It’s been less than a month since former President Barack ObamaBarack ObamaWhite House adds to report on Trump's Sunday golf game British Parliament members hold heated debate over Trump visit What Trump can learn from Reagan on Presidents' Day MORE left office, but his legacy is already being remembered fondly, according to C-SPAN’s 2017 presidential historians survey.
Obama ranked 12th on the list of 43 former commanders in chief, placing between Woodrow Wilson (No. 11) and James Monroe (No. 12).
Former President Abraham Lincoln takes the top spot in the survey, which was conducted among 91 historians and other executive branch experts.
Participants were told to give presidents a score of one to 10 on 10 different "qualities of presidential leadership"; these included "economic management," "vision/setting an agenda," "relations with Congress," "crisis leadership" and "public persuasion."
One of the survey’s advisers, Howard University history professor Edna Greene Medford, said she thought Obama could have ranked higher.
"Although 12th is a respectable overall ranking, one would have thought that former President Obama’s favorable rating when he left office would have translated into a higher ranking in this presidential survey,” Greene Medford said in a statement.
“But, of course, historians prefer to view the past from a distance, and only time will reveal his legacy," she added.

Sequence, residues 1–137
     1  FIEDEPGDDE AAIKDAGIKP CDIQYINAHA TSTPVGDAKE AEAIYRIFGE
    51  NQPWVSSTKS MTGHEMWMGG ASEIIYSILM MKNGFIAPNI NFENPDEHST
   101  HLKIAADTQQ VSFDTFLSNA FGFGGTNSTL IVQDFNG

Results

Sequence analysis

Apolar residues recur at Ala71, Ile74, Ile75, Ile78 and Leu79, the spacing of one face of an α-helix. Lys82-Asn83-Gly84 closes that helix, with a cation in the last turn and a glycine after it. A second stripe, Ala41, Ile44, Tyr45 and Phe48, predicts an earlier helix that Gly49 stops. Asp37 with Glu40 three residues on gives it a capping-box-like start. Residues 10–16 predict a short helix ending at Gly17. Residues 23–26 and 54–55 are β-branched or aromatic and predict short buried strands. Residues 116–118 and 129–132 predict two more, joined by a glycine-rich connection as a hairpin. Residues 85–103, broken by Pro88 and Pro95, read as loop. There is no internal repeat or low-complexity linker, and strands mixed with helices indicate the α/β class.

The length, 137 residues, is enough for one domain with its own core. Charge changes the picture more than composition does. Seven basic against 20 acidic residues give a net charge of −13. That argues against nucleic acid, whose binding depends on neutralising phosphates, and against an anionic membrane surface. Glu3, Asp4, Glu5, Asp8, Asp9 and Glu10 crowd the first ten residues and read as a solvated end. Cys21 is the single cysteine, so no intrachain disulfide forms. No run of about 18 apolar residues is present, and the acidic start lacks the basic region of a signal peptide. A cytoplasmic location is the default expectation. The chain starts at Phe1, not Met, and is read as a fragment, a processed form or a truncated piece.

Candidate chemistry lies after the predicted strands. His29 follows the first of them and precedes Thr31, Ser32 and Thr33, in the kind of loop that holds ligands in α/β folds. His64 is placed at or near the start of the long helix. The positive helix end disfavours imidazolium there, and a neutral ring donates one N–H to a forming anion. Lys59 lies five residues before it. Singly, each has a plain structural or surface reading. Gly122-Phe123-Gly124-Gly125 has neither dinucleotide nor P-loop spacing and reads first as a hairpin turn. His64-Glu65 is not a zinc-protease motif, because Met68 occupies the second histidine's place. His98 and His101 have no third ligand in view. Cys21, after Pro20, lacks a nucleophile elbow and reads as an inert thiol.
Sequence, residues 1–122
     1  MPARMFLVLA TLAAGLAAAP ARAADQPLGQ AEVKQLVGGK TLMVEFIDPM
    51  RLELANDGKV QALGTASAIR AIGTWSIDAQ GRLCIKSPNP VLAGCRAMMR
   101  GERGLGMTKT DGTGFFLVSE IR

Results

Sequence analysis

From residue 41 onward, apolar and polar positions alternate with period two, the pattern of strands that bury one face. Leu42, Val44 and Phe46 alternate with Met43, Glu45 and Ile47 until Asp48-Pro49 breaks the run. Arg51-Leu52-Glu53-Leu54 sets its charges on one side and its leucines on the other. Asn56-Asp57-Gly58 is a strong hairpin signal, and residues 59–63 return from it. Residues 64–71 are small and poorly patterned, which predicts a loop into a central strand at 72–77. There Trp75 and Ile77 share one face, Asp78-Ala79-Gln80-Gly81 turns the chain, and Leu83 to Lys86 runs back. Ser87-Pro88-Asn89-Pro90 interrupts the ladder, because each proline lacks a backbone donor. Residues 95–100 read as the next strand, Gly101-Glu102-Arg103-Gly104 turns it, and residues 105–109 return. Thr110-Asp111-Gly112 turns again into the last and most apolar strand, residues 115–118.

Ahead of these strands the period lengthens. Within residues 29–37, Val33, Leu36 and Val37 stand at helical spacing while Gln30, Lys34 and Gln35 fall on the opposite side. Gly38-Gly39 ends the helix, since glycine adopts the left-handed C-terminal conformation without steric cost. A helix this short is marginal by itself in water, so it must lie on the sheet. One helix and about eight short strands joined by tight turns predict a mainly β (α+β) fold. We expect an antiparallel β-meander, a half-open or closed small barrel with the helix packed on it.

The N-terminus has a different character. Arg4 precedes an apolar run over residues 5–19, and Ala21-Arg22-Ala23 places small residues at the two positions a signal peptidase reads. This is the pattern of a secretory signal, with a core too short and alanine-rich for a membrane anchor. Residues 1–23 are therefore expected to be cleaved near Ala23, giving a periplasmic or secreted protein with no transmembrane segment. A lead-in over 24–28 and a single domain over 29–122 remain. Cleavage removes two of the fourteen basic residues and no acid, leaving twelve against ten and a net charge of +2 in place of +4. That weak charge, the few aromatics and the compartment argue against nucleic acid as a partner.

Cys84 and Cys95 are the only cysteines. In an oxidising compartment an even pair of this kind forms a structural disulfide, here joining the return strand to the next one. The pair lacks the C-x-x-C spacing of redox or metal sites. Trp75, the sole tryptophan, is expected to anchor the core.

At the time he left office in January, Obama’s job approval rating hovered around 57 percent, according to the RealClearPolitics polling average.
Among the former presidents Obama tops in the survey: Bill ClintonBill ClintonSyrian safe zones: Trump's best bet for refugee relief, regional stability Chelsea Clinton attends Muslim solidarity rally in NYC Former Defense chief: Trump's handling of national security 'dysfunctional' MORE, James Madison, Andrew Jackson and John Adams.
Lincoln, the country’s 16th president known for abolishing slavery and leading the Union through the Civil War, ranked No. 1 for the third time in a row, according to the survey. Lincoln has taken the top position in every survey since C-SPAN began conducting them in 2000.
Likewise, James Buchanan, the 15th president whose tenure preceded the Civil War, has consistently ranked in the bottom spot since 2000. He’s ranked even lower than William Henry Harrison (No. 38), who fell ill and died a month after taking the oath of office.